I’ve always loved that line – it captures so well that feeling of anticipating something inevitable, particularly if you’re viewing it with some trepidation. There’s nothing you can do to stop the passage of time: the thing – whatever it is – is going to happen. So you take that deep breath, and you wait.

I’m feeling a teeny bit like that now. Only a very teeny bit – thankfully I’m not facing the ‘great battle of our time’ or anything even close. There is no growing shadow, menacing volcano, or hoards of Orks about to descend. But change is coming. Summer has rolled on past and is nearing its its destination. Next week school term begins and with it an end to the lazy days and a lurching jump back into the morning routine.

This September also brings with it two changes for our family – my eldest begins middle school and my youngest is starting school nursery five mornings a week. In actual fact, these changes are good. I’m pretty sure both my boys are ready for them, as is my middle son who’s going to find himself the ‘big brother’ rather than the ‘little brother’ in school for the first time. But still, they’re changes and I’ve never been one for change – it brings the unknown which is well… unknown. Anything could happen! Give me the comforting blanket of familiarity any time.

There’s another reason for my deep breath too though. I’m not looking at encroaching darkness, I’m actually looking at a beautiful sunrise. Because with the new school term comes time to pursue my creative goals – the most time I’ve had in years (and years!). Five mornings of child-free time a week! Ok, some of that will be taken up by work, and yes I’ll also need to get on top of all sorts of household stuff that I’ve let slide, and I’ve promised myself I’ll get fit, but still… all that time. I can’t help but be excited!

Right now my creativity is champing at the bit. I’ve been fitting drawing and writing into little bits of time I’ve had over the summer and am finally close to submitting my first assignment for my illustration course. Woo hoo! It’s taken me ages to get to this point so I’m hoping to be able to up the pace a bit once we get settled into the new school year.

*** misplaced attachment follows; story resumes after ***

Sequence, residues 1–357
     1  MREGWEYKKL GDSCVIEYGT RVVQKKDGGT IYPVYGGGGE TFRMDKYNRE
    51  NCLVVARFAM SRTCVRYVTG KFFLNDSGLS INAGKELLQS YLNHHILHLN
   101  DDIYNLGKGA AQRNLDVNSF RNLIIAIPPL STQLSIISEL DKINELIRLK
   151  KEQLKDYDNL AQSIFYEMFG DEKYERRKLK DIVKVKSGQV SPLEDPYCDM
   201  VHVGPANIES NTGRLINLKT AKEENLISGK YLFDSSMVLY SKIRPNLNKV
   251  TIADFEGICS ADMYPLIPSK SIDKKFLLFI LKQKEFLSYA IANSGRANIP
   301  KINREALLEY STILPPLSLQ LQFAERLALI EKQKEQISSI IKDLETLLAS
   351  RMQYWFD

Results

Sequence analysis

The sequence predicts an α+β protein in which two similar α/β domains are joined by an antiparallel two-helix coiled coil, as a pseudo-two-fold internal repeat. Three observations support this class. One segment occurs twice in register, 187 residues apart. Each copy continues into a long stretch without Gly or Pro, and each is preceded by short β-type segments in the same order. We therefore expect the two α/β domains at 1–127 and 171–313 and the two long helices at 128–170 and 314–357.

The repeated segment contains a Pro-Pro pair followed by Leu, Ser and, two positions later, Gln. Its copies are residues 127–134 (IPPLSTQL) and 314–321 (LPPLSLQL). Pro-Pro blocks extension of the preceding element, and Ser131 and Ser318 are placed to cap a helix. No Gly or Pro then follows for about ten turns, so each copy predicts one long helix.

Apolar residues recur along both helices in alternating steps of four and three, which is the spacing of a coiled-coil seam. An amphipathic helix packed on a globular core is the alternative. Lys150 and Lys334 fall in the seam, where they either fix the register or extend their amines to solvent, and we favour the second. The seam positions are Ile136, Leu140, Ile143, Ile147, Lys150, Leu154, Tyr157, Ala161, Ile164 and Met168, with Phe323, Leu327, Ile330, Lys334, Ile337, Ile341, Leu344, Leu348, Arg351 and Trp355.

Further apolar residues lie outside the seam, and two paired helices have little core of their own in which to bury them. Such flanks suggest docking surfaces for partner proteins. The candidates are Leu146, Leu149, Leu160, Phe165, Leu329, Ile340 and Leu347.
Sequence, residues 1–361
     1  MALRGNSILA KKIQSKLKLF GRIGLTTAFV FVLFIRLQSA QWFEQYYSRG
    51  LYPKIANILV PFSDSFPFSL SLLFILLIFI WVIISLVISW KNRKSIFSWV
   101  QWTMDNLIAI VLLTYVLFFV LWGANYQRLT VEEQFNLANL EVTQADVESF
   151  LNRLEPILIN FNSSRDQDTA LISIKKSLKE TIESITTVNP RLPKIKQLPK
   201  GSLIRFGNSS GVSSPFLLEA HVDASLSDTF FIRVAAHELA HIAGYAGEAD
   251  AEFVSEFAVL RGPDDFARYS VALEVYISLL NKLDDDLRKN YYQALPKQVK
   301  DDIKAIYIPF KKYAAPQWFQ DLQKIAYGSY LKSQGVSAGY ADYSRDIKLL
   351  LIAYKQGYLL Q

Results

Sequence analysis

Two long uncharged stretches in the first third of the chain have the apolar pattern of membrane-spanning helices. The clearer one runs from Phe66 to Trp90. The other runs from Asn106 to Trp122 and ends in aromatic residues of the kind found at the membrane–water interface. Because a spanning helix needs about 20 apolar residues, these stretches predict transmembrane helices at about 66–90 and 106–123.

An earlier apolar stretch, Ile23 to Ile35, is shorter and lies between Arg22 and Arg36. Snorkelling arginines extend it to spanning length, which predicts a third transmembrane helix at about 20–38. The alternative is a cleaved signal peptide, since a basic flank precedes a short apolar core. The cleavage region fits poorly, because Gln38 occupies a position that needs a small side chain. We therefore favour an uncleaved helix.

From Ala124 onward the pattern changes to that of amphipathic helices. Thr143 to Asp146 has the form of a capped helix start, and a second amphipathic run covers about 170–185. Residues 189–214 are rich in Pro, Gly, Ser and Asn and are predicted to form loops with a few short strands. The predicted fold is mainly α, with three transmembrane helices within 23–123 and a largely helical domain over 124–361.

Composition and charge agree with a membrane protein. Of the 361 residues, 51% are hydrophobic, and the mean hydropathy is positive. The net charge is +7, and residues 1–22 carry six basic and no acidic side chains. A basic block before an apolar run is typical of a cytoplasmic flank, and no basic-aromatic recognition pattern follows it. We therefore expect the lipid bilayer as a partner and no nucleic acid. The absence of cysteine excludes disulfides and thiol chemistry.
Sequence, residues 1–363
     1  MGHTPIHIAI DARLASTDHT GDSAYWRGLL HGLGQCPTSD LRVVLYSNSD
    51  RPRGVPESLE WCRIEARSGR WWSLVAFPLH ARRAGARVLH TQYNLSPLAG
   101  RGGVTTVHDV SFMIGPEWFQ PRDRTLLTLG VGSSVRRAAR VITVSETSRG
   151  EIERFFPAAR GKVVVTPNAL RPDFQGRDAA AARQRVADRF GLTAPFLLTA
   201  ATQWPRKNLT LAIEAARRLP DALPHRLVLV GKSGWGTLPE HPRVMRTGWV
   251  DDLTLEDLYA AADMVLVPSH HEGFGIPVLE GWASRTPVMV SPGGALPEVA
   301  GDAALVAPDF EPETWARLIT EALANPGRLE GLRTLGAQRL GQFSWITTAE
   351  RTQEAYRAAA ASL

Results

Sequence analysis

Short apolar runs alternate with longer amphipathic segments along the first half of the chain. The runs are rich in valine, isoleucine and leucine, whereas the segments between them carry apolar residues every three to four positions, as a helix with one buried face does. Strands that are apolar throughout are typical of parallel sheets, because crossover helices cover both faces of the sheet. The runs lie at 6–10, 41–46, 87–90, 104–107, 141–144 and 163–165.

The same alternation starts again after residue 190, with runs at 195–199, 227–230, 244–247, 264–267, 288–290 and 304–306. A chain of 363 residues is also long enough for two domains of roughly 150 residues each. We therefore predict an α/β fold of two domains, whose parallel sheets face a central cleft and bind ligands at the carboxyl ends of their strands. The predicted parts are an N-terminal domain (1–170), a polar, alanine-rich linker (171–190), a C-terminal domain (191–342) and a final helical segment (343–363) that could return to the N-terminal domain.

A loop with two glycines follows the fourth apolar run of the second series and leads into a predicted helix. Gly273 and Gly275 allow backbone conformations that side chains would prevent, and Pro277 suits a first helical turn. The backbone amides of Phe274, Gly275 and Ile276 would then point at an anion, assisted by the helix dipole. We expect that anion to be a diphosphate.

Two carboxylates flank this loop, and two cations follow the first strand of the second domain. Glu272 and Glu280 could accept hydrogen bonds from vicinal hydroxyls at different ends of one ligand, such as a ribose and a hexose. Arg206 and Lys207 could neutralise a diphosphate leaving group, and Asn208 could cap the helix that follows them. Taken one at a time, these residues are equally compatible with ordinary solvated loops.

I’ve also signed up to go to the Festival of Writing in early September where I have two one-on-one meetings with agents arranged. Eeek. I’ve been editing picture book manuscripts on and off all summer to submit to them and finally got two sent off yesterday! I’m hoping to get useful feedback from the sessions. It feels like a good time to talk to some professionals, go to some seminars (I went to some great ones at the Festival last year) and generally get my head back into my writing again.

I’m also going to get back to more regular blogging and my weekly #WhatImWriting linky after a summer off. Hopefully my productivity in all areas will improve but, at this point it’s hard to tell quite how things will pan out. Will my mornings pass in a blur of ironing and attempts to get to the bottom of my email pile? Will ‘getting fit’ steal from creativity or encourage it? Will all my boys settle into their new routines without a hitch? Will I?

Yes, change is definitely on the way and with a week of summer holidays to go, I’m standing on the balcony of my citadel (ok, sitting on the sofa in my living room) watching it approach. Chances of an eerie silence falling to herald it? In this house?! Zero. But I’ll be taking that deep breath.

And then… the plunge.